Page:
Use a Domain Appraisal Tool
If you don’t have a lot of experience buying and selling domain names, you can use an online domain appraisal tool like EstiBot to help calculate the value of a domain.
You can search for the domain name and see its price on appraisal websites. Most tools also explain how they calculated their pricing estimate.
Most domain sellers don’t expect to sell their domain for the listed price. Instead, they pick an initial cost to spark a negotiation. So, don’t hesitate to respond with a counteroffer and negotiate a better price.
Don’t Be Afraid To Walk Away
You have leverage as the buyer. While it’s true that an unused domain might have high potential, it’s not creating value for the owner unless they build a good website or sell the domain.
And let’s face it — building a good website takes time. That’s why the owner is selling the domain. For that reason, choose a maximum price for yourself and walk away if you can’t negotiate something that works for you.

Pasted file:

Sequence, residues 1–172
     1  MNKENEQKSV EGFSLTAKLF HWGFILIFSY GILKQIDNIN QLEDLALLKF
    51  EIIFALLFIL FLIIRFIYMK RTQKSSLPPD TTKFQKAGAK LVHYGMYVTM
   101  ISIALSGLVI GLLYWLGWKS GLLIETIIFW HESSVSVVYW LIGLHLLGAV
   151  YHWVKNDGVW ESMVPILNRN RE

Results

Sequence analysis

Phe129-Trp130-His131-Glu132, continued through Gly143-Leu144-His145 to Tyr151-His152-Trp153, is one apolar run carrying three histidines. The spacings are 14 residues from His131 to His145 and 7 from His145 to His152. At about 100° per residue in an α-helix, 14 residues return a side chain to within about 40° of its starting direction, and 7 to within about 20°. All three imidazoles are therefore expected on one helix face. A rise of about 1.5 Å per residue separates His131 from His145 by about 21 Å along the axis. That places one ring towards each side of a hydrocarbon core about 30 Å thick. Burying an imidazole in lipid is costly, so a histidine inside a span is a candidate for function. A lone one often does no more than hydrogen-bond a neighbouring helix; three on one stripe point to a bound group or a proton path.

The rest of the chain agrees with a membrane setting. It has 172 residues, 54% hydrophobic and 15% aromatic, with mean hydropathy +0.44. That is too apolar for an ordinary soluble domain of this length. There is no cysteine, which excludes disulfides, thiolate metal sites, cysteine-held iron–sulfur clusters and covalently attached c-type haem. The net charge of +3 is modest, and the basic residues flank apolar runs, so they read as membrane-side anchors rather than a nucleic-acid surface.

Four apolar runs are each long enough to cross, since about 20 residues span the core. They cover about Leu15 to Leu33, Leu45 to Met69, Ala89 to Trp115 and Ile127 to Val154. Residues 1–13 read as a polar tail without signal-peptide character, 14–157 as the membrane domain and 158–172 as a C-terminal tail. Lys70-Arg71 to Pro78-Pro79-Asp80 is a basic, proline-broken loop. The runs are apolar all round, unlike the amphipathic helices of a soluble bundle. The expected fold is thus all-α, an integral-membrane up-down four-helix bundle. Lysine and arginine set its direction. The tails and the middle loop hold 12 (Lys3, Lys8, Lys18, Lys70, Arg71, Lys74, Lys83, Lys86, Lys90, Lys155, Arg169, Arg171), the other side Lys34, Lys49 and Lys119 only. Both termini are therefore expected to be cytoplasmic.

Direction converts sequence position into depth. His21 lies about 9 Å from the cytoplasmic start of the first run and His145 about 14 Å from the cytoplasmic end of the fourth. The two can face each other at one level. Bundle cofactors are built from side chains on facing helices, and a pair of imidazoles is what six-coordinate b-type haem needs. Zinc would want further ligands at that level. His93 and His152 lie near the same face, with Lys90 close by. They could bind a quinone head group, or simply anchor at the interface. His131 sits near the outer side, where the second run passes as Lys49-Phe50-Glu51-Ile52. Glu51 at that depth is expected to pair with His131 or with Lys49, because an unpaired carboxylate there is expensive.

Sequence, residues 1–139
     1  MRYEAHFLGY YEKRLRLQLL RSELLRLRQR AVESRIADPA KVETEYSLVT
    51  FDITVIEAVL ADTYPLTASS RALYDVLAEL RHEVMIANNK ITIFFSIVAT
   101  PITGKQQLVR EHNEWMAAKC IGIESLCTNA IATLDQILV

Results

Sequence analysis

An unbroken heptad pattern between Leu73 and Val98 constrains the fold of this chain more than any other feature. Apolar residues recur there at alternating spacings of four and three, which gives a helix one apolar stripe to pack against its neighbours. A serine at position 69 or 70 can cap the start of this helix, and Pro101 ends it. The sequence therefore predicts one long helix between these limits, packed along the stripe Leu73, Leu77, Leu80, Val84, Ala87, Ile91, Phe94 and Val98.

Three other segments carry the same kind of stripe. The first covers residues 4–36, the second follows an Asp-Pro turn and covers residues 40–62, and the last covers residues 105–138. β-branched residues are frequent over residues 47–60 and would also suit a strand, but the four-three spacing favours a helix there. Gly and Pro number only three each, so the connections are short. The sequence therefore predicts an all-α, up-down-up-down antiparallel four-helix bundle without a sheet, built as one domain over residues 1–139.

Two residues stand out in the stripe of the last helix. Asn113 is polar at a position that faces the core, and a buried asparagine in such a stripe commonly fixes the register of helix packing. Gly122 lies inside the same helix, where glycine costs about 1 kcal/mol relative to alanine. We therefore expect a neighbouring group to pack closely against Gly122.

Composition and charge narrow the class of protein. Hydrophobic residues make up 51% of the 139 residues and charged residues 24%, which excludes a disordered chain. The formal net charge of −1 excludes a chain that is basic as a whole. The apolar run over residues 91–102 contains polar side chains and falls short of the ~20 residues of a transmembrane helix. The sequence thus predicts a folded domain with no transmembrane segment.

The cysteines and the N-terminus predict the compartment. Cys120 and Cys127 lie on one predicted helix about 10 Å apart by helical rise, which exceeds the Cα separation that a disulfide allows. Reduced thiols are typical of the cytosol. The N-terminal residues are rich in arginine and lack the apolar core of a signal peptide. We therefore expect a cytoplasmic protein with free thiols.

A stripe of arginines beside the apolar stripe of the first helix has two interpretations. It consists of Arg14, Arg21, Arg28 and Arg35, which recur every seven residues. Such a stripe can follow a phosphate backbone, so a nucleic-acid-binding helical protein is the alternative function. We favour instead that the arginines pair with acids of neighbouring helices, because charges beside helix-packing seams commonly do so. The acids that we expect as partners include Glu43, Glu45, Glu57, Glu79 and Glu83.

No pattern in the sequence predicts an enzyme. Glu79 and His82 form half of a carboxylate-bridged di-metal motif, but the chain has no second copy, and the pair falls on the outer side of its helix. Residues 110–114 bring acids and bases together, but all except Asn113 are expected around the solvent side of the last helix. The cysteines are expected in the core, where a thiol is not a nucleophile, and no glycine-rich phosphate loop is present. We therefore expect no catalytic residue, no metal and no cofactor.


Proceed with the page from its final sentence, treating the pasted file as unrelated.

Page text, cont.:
If nobody else is bidding on the domain, the seller may change their mind and get back to you. If that’s not the case, don’t worry. There’ll be other domains out there that work well for your brand.
Final Thoughts: How To Calculate and Make the Perfect Domain Offer
Building a brand is an exciting journey, and you want to start on the right foot if you can. A good domain helps create a sturdy foundation you can use to establish your online presence.
But remember, finding a fitting domain name is only part of the battle. To put your domain to good use, you need to back it with reliable web hosting.
Explore Bluehost’s hosting packages today to find the right fit for your WordPress website or e-commerce store.